Displaced Persons: The Syrian Context

Original Editor - Aicha Benyaich

Top Contributors - Naomi O'Reilly, Kim Jackson, Jess Bell, Kirenga Bamurange Liliane and Carin Hunter  

Introduction[edit | edit source]

Since March 2011, the conflict in Syria has resulted in large scale displacement internally and across the region. There have been hundreds of thousands fatalities and injuries, millions of internally displaced people (IDPs) and many more asylum seekers and refugees in neighbouring countries, largely Lebanon, Jordan, Turkey and Iraq. The situation has reached a crisis point with an estimated 6.8 millions people displaced across borders and 6.6 million people internally displaced who require humanitarian assistance.[1]. Internal Displacement Monitoring Centre (IDMC). Global Report for Internal Displacement 2022 - Children and Youth in Internal Displacement. Available from: https://www.internal-displacement.org/global-report/grid2022/ (accessed 24 June 2022)</ref>. This means 13.5 million Syrians in total have been forcibly displaced, which is more than half of the country’s population.

“The reasons for leaving Syria are clear, the severity of the conflict, fear of atrocities committed against civilians by both sides, and declining resources inside the country have made it impossible for millions of Syrians to stay. Those who leave often face difficult journeys to reach the safety of neighbouring countries. At the same time, the sheer number of Syrian's displaced and the duration of their displacement in countries such as Jordan and Lebanon has put a great strain on the resources and capacity of host governments and communities”[2] including water supplies, basic goods and commodities and sheltered accommodation.

Numbers[edit | edit source]

Over 1.5 million people have entered Lebanon since the commencement of the Syrian conflict in 2011. At the end of 2021, there were 845,865 refugees and 8,717 asylum seekers in the country. This is about one eighth of the total population of Lebanon.[3] While the flow of Syrian people injured as a result of the conflict and other persons with disabilities (PwDs) has reduced, there continues to be a significant burden on existing health structures.

Inadequate access to surgery for Syrians wounded by weapons has resulted in many secondary complications including infection, and has often led to amputation. Make-shift Post-Operative Centres (POC) have been established. These are largely run by Islamic-based NGOs, and Syrian-based organisations to cater for the needs of those wounded. However, limited financial resources and clinical expertise have largely hampered the recovery process. Syrians displaced into Lebanon have dispersed throughout the country making follow-up by aid agencies (e.g. United Nations High Commissioner for Refugees (UNHCR)) all but impossible. Tensions between Syrians and the host communities are rising and the longer the situation continues, the risk of local clashes is rising, which creates further challenges.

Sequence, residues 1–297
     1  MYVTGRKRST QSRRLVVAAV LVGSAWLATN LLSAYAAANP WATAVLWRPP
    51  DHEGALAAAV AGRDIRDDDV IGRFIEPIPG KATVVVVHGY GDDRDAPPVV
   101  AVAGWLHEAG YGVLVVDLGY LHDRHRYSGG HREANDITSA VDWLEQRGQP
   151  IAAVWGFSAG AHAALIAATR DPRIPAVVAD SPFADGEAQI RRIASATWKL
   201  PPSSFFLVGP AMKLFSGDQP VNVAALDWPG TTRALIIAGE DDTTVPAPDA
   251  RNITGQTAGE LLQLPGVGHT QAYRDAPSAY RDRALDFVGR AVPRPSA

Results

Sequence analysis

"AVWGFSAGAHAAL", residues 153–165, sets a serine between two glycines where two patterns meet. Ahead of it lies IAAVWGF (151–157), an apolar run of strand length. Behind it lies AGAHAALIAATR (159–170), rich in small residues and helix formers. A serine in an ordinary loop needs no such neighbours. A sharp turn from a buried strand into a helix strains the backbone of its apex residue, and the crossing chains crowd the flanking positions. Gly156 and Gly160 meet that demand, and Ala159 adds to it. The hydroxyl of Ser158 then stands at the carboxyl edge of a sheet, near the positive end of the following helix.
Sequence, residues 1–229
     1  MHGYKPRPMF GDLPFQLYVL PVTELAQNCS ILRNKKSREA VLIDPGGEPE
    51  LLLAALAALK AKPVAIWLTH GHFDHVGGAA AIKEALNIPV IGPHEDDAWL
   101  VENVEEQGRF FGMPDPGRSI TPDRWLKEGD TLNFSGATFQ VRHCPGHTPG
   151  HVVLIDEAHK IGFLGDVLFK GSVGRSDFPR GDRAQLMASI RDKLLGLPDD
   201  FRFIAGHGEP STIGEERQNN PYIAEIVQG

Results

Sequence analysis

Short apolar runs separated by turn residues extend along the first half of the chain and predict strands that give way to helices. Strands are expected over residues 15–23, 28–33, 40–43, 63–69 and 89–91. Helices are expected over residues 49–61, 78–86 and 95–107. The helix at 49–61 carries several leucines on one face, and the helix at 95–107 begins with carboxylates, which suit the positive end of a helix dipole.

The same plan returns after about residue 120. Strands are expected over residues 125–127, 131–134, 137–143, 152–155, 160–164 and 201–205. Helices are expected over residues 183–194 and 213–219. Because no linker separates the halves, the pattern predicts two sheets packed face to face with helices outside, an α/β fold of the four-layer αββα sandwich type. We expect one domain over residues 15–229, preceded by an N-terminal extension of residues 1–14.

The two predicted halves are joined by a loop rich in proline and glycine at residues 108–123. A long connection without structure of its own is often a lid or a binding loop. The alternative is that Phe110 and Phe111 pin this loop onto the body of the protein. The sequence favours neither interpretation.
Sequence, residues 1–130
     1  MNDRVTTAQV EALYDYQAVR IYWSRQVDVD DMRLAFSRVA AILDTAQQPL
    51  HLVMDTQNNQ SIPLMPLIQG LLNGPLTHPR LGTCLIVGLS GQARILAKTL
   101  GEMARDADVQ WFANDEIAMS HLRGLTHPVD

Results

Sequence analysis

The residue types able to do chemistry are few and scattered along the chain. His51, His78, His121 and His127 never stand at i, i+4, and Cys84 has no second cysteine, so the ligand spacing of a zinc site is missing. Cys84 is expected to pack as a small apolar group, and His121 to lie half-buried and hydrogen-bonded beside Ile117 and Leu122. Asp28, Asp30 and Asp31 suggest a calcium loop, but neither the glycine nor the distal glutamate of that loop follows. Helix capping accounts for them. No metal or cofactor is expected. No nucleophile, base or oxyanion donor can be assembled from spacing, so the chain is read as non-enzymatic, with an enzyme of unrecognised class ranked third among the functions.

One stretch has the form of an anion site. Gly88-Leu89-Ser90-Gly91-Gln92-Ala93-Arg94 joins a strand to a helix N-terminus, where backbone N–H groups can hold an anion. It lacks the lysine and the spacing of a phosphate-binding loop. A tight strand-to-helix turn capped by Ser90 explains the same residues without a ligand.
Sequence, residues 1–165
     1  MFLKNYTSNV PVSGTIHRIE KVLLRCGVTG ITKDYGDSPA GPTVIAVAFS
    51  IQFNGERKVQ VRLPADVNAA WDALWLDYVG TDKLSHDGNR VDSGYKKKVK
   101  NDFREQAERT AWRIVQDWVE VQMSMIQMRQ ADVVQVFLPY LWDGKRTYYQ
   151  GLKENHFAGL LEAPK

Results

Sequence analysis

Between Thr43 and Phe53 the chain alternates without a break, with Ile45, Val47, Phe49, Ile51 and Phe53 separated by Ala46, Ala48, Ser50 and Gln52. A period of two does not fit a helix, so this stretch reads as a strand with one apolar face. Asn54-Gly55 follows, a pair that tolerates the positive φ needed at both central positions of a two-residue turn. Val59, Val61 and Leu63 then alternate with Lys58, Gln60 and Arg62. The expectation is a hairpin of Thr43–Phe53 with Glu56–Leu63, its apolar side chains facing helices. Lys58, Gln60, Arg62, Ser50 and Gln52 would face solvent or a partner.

Around 40,000 Palestine Refugees from Syria (PRS) who fled the violence in Syria are also currently residing in Lebanon. Prior to the outbreak of the Syrian conflict, Palestine Refugees in Lebanon (approximately 280,000) were already highly marginalised, with limited rights and restricted access to public services and employment. The United Nations Relief and Works Agency for Palestine Refugees in the Near East (UNRWA) health, education and relief services on which Palestine Refugees in Lebanon depend, were already stretched and camp infrastructure was in dire need of maintenance and rehabilitation. The challenging conditions for Palestine Refugees in Lebanon have further deteriorated with the influx of Palestine Refugees from Syria, heightening community tensions and negatively impacting stability and security in Lebanon and the region at this critical time. UNRWA remains the lead coordinating agency and primary provider of aid to all Palestine Refugees in Lebanon.

Vulnerable Populations[edit | edit source]

Within a challenging context, people with a disability and the elderly are among one of the more vulnerable groups. The lack of specialised services for persons with special needs has highlighted as a major gap in the current response to the Syrian crisis in Lebanon. In general, the access of Palestine Refugees with special needs to public services is limited in Lebanon, and there is a visible gap between demand and supply of services. Compounding this, many Palestine Refugees from Syria have moved into Lebanese Palestinian Displaced Person camps, which has put increased strain on the host community. As a result, all Palestine Refugees are struggling to access specialist services in an already extremely stretched system. Identified challenges include:

  • Provision of assistive devices or prosthetics;
  • Rehabilitation services for people with newly acquired and long-standing disabilities; and
  • Access to mainstream and special education.

Many persons with a disability and their families have complex protection issues crossing both medical and social sectors, which require timely comprehensive assessment, coordinated direct support and referral to multiple agencies. A number of challenges aggravate their marginalisation in society, among which include: